Hint: Premium Is A Factor, But Not Always The Most Important
Russ Davies, CPIA, CyBr – Insurance Professional – Managing Partner, Andres O’Neil & Lowe Agency
Eyes glazed over? Nervous fidgeting? Sudden interest in some document laying on their desk? All tell-tale signs that you’re losing your boss in the minutiae of insurance. Sure, the details are important, and you should be prepared to talk about them if he or she asks, but what they really want to know is:
- Cost: Naturally an important component of the program. What had an impact on premium? Did the rate itself increase, or did the business grow?
- Broker/Carrier Relationships: Who is underwriting and accepting your company’s risk? What is their reputation in your industry? Do they look for ways to cover claims or deny them? Why did you choose this broker to represent you in the marketplace?
- Are You Taking Advantage of All Your Broker and Carrier Have To Offer: Brokers and carriers today offer a wide array of value added services including proactive Loss Control analysis, OSHA compliance, and Safety Culture support that are included in your annual premium.
- Market Conditions: How is the insurance marketplace responding to current conditions? Are overall premiums being impacted by situations beyond our control?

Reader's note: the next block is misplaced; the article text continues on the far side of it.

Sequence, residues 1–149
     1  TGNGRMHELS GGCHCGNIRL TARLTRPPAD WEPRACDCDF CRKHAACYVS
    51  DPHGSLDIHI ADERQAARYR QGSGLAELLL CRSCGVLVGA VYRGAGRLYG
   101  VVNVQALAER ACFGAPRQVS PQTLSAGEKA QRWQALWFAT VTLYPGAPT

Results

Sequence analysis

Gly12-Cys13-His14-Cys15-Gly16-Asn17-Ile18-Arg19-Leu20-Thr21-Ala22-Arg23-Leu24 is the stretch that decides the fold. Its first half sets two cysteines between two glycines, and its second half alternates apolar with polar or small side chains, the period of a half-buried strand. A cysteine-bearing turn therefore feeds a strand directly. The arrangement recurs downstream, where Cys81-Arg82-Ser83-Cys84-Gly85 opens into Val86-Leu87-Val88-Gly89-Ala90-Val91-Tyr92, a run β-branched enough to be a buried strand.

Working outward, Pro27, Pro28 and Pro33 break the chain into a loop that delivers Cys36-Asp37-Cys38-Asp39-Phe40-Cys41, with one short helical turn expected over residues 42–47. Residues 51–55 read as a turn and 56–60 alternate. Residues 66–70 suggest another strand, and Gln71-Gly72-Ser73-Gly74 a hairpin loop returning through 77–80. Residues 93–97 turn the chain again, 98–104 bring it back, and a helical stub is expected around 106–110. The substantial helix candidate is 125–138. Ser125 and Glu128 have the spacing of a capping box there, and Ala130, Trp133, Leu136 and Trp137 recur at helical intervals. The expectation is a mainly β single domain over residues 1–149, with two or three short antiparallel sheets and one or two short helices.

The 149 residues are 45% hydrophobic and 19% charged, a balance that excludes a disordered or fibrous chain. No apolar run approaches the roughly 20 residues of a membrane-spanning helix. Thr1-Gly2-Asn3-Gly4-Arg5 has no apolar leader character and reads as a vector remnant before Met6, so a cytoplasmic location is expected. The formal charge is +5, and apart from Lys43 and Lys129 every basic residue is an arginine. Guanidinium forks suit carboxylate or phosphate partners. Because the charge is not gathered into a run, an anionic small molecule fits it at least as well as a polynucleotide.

- What Is Our Total Cost of Risk: Consider additional cost factors outside of pure premium such as reputational damage, overtime, loss of market share, increased training, safety budgets, fines/penalties, and losses within deductibles when analyzing your total annual risk spend.
- How Are You Controlling Cost: What methods are you using to control premiums? Does your broker have a strategy to best represent and reward you in the marketplace?
- Uninsured Risks: Are there areas of the insurance program that have gone un-addressed? Have our operations or services/products offered changed? How is the company tackling emerging risks such as cyber or the use of drones? What risk, if left uninsured, would have a significant impact on the short and long term future of our company?
The ideal end result:
Boss: “How do you know all this?”
You: “It was our insurance broker, they shared all this information – they even offered to bring the underwriters to our office for a one-on-one, and offered all sorts of free services.”
If you’re a client at Andres O’Neil & Lowe, our goals are not just saving you money, but sharing the information you need to properly protect your business.